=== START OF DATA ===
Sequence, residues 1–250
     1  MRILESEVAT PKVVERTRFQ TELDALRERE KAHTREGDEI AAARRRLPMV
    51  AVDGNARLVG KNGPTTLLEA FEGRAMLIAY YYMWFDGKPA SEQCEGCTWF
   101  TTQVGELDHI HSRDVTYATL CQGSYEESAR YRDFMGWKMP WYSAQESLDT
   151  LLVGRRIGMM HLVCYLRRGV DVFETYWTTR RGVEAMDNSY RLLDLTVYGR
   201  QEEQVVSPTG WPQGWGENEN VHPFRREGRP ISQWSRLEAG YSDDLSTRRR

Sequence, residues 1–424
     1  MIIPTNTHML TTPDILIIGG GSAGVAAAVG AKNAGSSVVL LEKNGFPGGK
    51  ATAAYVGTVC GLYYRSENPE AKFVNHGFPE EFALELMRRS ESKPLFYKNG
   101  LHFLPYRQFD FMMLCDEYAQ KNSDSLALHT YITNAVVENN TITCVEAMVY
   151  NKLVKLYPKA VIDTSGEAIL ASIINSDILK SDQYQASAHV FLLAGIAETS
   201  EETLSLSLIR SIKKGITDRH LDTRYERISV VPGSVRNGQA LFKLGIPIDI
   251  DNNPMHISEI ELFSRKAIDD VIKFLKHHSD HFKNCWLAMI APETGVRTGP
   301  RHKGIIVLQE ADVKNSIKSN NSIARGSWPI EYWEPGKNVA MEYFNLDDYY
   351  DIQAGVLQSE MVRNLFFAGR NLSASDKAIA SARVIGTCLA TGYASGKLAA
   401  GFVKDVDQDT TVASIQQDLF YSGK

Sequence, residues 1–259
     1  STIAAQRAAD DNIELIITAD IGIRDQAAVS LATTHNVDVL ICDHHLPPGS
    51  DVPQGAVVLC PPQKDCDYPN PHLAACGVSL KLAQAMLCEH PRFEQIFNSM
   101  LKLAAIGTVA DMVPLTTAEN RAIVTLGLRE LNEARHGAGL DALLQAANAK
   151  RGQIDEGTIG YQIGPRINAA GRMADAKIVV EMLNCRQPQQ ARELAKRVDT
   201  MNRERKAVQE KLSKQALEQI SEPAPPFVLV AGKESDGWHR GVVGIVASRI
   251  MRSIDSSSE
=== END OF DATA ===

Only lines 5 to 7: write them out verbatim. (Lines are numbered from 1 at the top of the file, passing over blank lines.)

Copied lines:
   151  LLVGRRIGMM HLVCYLRRGV DVFETYWTTR RGVEAMDNSY RLLDLTVYGR
   201  QEEQVVSPTG WPQGWGENEN VHPFRREGRP ISQWSRLEAG YSDDLSTRRR

Sequence, residues 1–424